**Note to Self**: Getting in Touch with My Inner Austrian: Memo to Self: A Start of a Model...: How can you be an Austrian, and yet have big swings in the desired capital stock—and thus bigger swings in the desired rate of investment—without having to have massive shocks to the current level of technology? How can you get a big downward shock to desired investment without committing yourself to massive technological amnesia?

This is how:

You can do it with two shocks to the dividends paid on a unit of capital: a shock $ \epsilon $ to the level of $ d_{t} $ and a shock $ \eta $ to the growth rate $ g_{t} $ of $ d_{t} $, thus:

Why this dividend process? Because if we then have a required expected rate of return r and a value function $ V(d_{t},g_{t}) = d_{t}v(g_{t}) $, then the one-period arbitrage condition:

$ (1+r)d_{t}v(g_{t}) = d_{t} + E_{t}\left(d_{t}{v(g_{t+1})}\right) $

leads us to

$ (1+r)v(g_{t}) = 1 + \left(\frac{1+g_{t}}{2}\right)\left((1+\theta_{t}){v(g_{t} + \eta)} + (1-\theta_{t}){v(g_{t} - \eta)}\right) $

$ (r-g_{t})v(g_{t}) = 1 + \left(\frac{1+g_{t}}{2}\right)\left((1+\theta_{t}){v(g_{t} + \eta)} + (1-\theta_{t}){v(g_{t} - \eta)} - 2v(g_{t})\right) $

Then simply postulate:

$ v(g_{t}) = \frac{1}{r-g_{t}} $

And find:

$ 1 = 1 + \left(\frac{1+g_{t}}{2}\right)\left(\frac{1+\theta_{t}}{r - g_{t} - \eta} + \frac{1-\theta_{t}}{r - g_{t} + \eta} -\frac{2}{r - g_{t}}\right) $

$ 0 = \left(\frac{(1+\theta_{t})(r - g_{t} + \eta)}{(r - g_{t})^2 - (\eta)^2} + \frac{(1-\theta_{t})(r - g_{t} - \eta)}{(r - g_{t})^2 - (\eta)^2} \right) $

$ 0 = \frac{r - g_{t} + \eta + \theta_{t}r - \theta_{t}g_{t} + \theta_{t}\eta + r - g_{t} - \eta - \theta_{t}r + \theta_{t}g_{t} + \theta_{t}\eta}{(r - g_{t})^2 - (\eta)^2} - \frac{2}{r - g_{t}} $

$ 0 = \frac{2(r - g_{t}) + 2\theta_{t}\eta}{(r - g_{t})^2 - (\eta)^2} - \frac{2}{r - g_{t}} $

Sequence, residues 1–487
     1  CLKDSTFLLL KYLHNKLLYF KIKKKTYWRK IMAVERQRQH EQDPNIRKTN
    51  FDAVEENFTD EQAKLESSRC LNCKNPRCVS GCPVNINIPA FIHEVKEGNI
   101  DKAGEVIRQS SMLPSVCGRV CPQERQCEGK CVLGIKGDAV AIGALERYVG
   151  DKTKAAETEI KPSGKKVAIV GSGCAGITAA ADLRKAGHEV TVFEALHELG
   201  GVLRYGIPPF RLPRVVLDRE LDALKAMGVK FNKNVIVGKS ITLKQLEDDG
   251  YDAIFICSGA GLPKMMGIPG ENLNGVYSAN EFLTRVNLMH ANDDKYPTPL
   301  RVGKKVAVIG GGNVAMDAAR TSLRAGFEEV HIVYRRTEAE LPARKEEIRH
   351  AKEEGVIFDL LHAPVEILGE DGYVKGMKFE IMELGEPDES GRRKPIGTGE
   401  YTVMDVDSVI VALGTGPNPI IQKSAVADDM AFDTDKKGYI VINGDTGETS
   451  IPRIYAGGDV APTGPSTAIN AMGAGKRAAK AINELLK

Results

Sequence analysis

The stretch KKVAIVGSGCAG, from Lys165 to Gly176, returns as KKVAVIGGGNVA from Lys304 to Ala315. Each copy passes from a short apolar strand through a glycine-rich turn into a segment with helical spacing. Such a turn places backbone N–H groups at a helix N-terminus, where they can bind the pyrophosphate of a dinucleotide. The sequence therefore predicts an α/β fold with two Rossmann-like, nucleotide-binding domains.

$ \frac{1}{r - g_{t}} = \frac{(r - g_{t}) + \theta_{t}\eta}{(r - g_{t})^2 - (\eta)^2} $

$ 1 = \frac{(r - g_{t})^2 + \theta_{t}\eta({r - g_{t}})}{(r - g_{t})^2 - (\eta)^2} $

$ - \eta = \theta_{t}({r - g_{t}}) $

$ \theta_{t} = - \frac{\eta}{r - g_{t}} $

Why all the $ \theta_{t} $ terms? Because you cannot have the expected growth rate of dividends $ g_{t} $ random walk. There is some chance it will random walk upwards and valuations will explode, and a chance of valuations exploding in the future means that valuations explode now (if they haven't already exploded). If you just have:

Then if you assume the Gordon equation for your value function, you find that it is wrong, for your arbitrage equation leads to:

$ 1 = 1 + \left(\frac{1+g_{t}}{2}\right)\left(\frac{1}{r - g_{t} - \eta} + \frac{1}{r - g_{t} + \eta} -\frac{2}{r - g_{t}}\right) $

which then generates the unpleasant:

$ 0 = \left(\frac{r - g_{t}}{(r - g_{t})^2 - (\eta)^2} -\frac{1}{r - g_{t}}\right) $

Writing, instead:

with:

$ \theta_{t} = - \frac{\eta}{r - g_{t}} $

imparts just enough downward drift to the random walk of the growth rate $ g_(t) $ to make the Gordon equation the right valuation equation.

You can complain that this process is not stable: with a constantly-applied downward drift to the growth rate, for a large enough valute of $ t $ it is almost surely the case that $ r - g_{t} $ is very large, and thus that valuations are almost surely very low relative to dividends because dividends will then be almost surely shrinking fast.

So sue me...